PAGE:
Katies were engaged in elections as voters, advocates, and candidates

St. Kate's graduates win elections at the municipal, county and state levels, while students, faculty and staff worked to spur civic engagement and voting participation.
Katies were engaged in elections as voters, advocates and candidates

The St. Catherine University community was engaged in election day. From participating in voter van shuttles to spreading the word about the value of civic engagement to running for elected office, Katies were active during the election season.

This fall, the newly formed Civic Engagement Collective — comprised of faculty, staff and students from across campus — worked on elections education, access and year-round civic engagement programming. The group focused on election day this Fall, providing resources to the community through the St. Kate's Votes web page. The Collective will now quickly switch gears to widen the scope to legislative and policy understanding and engagement.

Also involved in this work was the St. Kate's Student Senate, the governing body of the College for Women, which provided resources to support and facilitate elections engagement efforts.

MN Campus Compact awarded the University a Constitution Day mini-grant, which funded a screening of the movie Iron Jawed Angels, a film about the women's suffrage movement.

The National Campus Election Engagement Project (CEEP) awarded St. Kate's a $1,000 to host an Elections Fellow, student Zaynab Abdi. Subsequently, CEEP offered an additional opportunity to apply for elections engagement funding and were awarded $2,000. One of the projects Abdi worked on as the CEEP Elections Fellow was a video on voting.

"In the week leading up to Election Day, there was an election blitz on campus with a prize patrol, visual reminders of Election Day, awareness events on the Minneapolis Campus, and "pizza and politics" programming in every residence hall," said D'Ann Urbaniak Lesch, director of Community Work and Learning and Civic Engagement Collective member. "We asked students questions like what is your past experience with voting, what is your voting plan, and what do you need to know to be able to vote."

On Election Day, the University sponsored a voter van, which provided transportation for resident students to get to their polling place at the Hillcrest Rec Center. The shuttle started running at 8 a.m., when seven students were ready to board the shuttle for voting. At the end of the day, nearly 90 students used the voter van to get to the poll to cast their ballots.

Katies from many political viewpoints were engaged as advocates for their chosen party and/or candidates. From showing support via social media to volunteering for campaigns, students, alumni, faculty and staff were involved in various levels of the elections process. "Engaged citizens make communities stronger, healthier and better able to meet the needs of the people who live in them," explained Urbaniak Lesch. "This is part of the value of a liberal arts education, and specifically a St. Kate's education — our students are not only well prepared to be engaged citizens, they are motivated to be involved in their communities."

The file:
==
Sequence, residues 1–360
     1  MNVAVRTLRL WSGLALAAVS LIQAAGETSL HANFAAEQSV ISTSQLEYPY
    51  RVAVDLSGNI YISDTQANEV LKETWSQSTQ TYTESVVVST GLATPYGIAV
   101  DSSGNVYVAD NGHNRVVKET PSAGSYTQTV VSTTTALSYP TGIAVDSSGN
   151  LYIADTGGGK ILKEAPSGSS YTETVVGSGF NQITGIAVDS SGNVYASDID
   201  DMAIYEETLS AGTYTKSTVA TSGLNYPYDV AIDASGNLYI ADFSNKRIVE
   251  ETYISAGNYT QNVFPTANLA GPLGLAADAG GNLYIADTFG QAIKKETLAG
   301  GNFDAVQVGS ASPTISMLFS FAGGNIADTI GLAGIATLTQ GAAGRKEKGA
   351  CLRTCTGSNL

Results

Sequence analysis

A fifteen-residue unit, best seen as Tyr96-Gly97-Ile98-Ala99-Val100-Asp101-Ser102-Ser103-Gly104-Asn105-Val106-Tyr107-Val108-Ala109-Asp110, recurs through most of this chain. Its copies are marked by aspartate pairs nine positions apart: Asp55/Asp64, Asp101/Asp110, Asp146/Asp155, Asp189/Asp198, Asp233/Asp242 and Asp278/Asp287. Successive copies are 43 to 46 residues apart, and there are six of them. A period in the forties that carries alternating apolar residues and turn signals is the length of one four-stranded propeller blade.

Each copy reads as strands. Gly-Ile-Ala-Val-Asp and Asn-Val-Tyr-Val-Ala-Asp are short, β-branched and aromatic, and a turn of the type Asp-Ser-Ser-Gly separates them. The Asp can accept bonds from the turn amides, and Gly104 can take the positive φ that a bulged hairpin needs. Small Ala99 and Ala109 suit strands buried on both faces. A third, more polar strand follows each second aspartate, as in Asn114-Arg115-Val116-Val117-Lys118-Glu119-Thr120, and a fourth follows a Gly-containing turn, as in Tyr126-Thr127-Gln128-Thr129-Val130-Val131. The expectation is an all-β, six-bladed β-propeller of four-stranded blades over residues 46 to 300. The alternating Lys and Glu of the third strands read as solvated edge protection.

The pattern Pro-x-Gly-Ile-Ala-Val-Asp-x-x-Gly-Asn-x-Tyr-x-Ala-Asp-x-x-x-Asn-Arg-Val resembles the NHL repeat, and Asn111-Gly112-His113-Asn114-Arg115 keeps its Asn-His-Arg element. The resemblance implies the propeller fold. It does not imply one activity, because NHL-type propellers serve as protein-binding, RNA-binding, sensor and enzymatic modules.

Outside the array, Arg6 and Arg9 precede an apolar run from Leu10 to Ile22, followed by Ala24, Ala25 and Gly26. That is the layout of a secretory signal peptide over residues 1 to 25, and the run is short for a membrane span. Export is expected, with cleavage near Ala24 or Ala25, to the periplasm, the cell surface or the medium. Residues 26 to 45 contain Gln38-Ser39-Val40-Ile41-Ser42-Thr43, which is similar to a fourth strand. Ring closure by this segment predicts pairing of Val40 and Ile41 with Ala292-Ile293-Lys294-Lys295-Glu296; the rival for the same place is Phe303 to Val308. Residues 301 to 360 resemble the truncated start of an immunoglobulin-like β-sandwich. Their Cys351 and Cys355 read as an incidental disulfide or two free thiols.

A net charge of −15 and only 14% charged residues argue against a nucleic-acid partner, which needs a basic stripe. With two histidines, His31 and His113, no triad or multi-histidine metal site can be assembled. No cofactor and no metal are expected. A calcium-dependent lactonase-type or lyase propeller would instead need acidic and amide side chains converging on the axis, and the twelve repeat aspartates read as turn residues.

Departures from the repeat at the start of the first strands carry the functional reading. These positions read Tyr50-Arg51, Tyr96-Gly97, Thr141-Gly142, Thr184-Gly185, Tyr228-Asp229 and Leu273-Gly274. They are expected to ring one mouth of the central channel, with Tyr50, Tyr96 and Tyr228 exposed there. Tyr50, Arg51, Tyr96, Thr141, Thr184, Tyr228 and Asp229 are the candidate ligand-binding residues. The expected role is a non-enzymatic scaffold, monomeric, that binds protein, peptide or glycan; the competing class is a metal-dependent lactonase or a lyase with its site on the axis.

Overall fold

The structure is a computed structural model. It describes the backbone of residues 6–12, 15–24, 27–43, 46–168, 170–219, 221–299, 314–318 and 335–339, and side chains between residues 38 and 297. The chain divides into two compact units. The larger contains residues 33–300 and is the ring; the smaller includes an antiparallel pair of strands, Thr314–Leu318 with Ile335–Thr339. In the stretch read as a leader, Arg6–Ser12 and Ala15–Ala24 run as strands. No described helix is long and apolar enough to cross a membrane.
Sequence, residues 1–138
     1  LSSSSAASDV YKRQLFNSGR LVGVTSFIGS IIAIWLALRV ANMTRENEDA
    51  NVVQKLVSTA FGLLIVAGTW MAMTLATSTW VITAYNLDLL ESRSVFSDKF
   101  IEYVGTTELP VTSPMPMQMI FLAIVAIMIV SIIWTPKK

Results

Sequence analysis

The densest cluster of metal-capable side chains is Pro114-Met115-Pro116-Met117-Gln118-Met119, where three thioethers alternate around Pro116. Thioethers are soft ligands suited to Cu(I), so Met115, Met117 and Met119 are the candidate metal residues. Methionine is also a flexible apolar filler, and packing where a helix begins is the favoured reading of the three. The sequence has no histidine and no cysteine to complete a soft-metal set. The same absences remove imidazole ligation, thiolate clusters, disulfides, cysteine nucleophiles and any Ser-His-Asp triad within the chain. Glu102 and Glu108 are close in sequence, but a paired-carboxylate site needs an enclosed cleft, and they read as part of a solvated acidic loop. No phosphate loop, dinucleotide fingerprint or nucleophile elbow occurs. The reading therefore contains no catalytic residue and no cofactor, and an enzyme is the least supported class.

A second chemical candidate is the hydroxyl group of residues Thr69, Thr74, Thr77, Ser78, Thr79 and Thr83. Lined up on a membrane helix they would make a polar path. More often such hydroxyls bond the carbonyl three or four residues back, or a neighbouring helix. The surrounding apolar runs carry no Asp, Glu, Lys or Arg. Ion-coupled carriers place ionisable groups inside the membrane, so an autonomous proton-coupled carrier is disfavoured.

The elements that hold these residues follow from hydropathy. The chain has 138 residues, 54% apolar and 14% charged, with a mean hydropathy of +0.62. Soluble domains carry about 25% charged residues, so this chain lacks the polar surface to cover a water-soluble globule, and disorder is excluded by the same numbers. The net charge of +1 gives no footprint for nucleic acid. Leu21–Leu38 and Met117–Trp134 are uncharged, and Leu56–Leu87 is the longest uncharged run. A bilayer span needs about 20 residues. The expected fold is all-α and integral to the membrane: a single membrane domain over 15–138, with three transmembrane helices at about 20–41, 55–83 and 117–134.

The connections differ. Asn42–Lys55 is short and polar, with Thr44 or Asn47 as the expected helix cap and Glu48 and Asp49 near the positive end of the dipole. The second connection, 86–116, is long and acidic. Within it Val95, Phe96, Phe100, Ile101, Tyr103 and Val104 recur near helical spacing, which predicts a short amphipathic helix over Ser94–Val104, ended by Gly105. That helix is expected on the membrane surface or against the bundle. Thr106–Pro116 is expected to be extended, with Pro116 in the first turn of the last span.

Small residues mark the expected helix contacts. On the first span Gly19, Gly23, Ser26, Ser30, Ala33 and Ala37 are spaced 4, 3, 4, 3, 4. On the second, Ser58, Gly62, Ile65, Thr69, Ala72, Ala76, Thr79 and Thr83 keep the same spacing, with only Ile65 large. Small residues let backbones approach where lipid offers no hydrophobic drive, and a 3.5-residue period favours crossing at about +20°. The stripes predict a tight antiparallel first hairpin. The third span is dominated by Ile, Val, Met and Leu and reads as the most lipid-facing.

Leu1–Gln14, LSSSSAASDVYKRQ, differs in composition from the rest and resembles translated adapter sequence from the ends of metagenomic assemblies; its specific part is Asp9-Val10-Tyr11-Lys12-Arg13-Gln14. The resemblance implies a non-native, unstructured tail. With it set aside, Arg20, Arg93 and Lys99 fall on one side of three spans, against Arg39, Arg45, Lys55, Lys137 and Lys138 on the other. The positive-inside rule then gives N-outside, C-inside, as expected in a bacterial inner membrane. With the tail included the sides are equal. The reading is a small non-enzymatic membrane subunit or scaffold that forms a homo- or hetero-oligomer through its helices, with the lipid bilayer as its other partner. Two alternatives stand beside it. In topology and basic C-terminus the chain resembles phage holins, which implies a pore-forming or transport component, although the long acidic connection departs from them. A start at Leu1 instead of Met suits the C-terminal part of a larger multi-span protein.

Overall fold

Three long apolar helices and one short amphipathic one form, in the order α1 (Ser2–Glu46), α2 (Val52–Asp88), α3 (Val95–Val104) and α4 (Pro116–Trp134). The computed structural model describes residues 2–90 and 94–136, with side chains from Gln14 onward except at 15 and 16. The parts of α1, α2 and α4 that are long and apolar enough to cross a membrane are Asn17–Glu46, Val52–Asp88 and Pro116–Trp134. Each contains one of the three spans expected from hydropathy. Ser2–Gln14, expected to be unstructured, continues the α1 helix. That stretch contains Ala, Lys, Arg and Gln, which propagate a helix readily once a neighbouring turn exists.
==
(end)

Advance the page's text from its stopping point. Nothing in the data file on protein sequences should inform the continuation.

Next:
A number of St. Kate's graduates stepped forward to run for elected office in races across the state of Minnesota and beyond.

At the national level, congresswoman Betty McCollum '87, first elected in 2000, was re-elected to serve in the U.S. House of Representatives. McCollum represents District 4, which covers St. Paul, Ramsey County, and much of Washington County. Sarah Wellington MAED'01 was also a candidate for a spot in national government, running for U.S. Senate, but lost to incumbent Tina Smith.

At the state level, Laurie Halverson '02 was re-elected as a Minnesota state representative for District 51B in Eagan, where she's served since 2012. Mary Kunesh-Podein '95 was also re-elected and will serve her second term in the Minnesota House. Kunesh-Podein represents District 41B, which includes Columbia Heights, Hilltop, Saint Anthony and New Brighton. Jon Heyer MAT'92 was a candidate for the Minnesota House in District 66A, but lost to incumbent Alice Hausman.

In Kansas, Barbara King Wasinger '80, who previously served as a county commissioner, ran for a seat in the Kansas House of Representatives, District 111. All precincts have reported, and it's a tight race that remains too close to call before absentee ballots are counted. In the latest reports, Wasinger is ahead of incumbent Eber Phelps by 40 votes.

Two St. Kate's alumnae also won judicial races at the state level in Minnesota. Anne McKeig '89 secured 99.2% of the vote to retain her spot on the Minnesota Supreme Court. Lezlie Ott Marek ‘80, Minnesota 2nd District Court judge, was also re-elected. Both judges ran unopposed.

In Hennepin County, alumna Angela Conley '13 ran a successful race for Hennepin County Commissioner, District 4. With the victory, Conley will be the first black woman to serve on the commission in its 166-year history.

St. Kate's graduates also ran for several races at the municipal level. Anita Pampusch '60, former president of St. Kate's, was re-elected to her seat on the Lilydale (Minnesota) City Council. Val Holthus '90, also retained her city council seat in Andover, Minnesota. Rachel Quick MLIS'07 ran for a seat on the Mendota Heights (Minnesota) City Council while Julie Pointner Korts '90, was a candidate for Plymouth (Minnesota) City Council, but both lost their campaigns. In Rhode Island, Sue Stenhouse '80 ran for mayor of Warwick, but lost to incumbent Joe Solomon.

Did we miss other Katies who were elected or re-elected for public office this November? Let us know! We will update this list if we inadvertently missed someone. Email news@stkate.edu.